Texas RUG Strong and Active
Contact President Margaret Washington (713) 245-3700 for more info.
Here's a Small Lesson on Accessing OMVS Files From TSO
Say you've logged onto TSO with userid STU, and you want to copy some files between you OMVS directory and MVS. (OMVS is also called USS or Unix System Services. It is UNIX under MVS, and is now a part of the core operating system with OS/390.)
Let's say that all your MVS files have names beginning STU. and all your OMVS files live in your directory in the HFS dataset. The directory structure is very similar to the one on your hard drive on your personal computer, except that the slashes go the other way. The top of the directory tree is a slash /, and the sub-directory below that where users keep their own files is /u/. You would keep your files in a sub-directory under /u/. Perhaps the sub-directory would be named stu to make it easy to associate with your RACF userid STU. So the full name of the directory where you would keep your OMVS files would be: /u/stu/.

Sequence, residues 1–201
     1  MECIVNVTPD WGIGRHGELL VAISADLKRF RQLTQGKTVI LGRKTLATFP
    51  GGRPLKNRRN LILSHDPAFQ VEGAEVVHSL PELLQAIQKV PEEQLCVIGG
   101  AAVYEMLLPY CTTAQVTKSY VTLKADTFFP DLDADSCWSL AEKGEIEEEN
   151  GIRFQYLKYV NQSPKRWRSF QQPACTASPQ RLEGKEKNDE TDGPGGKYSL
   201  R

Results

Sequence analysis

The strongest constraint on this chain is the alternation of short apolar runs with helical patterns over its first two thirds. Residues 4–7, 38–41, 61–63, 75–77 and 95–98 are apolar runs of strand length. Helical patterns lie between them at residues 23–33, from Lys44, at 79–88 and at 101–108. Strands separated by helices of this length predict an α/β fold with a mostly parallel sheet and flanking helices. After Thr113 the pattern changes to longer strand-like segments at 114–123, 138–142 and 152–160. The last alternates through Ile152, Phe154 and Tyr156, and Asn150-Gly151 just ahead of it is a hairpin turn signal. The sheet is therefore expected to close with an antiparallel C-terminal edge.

Let's assume that your RACF administrator is also the OMVS userid administrator, and that she has added an OMVS segment to your RACF user profile:
ALU STU OMVS( HOME('/u/stu') PROGRAM('/bin/shell') UID(666) )
This assigns your RACF userid the UNIX uid 666, and specifies that your home directory is /u/stu/. This means that when you connect to OMVS, your working, or current, directory will be /u/stu/, which is where you want to be. This OMVS segment also specifies that when you connect to OMVS, the program shell in the directory bin will automatically start executing, much as ISPF starts up when you log onto TSO.
If you were going to enter the UNIX world, you would type the TSO command OMVS, and UNIX would take over from TSO, using the information from your RACF OMVS segment to identify you and get you going. YOU MUST REMEMBER THIS NOW: the way to exit from OMVS and get back to TSO is to issue: exit. Don't issue the OMVS command until you memorize how to get out.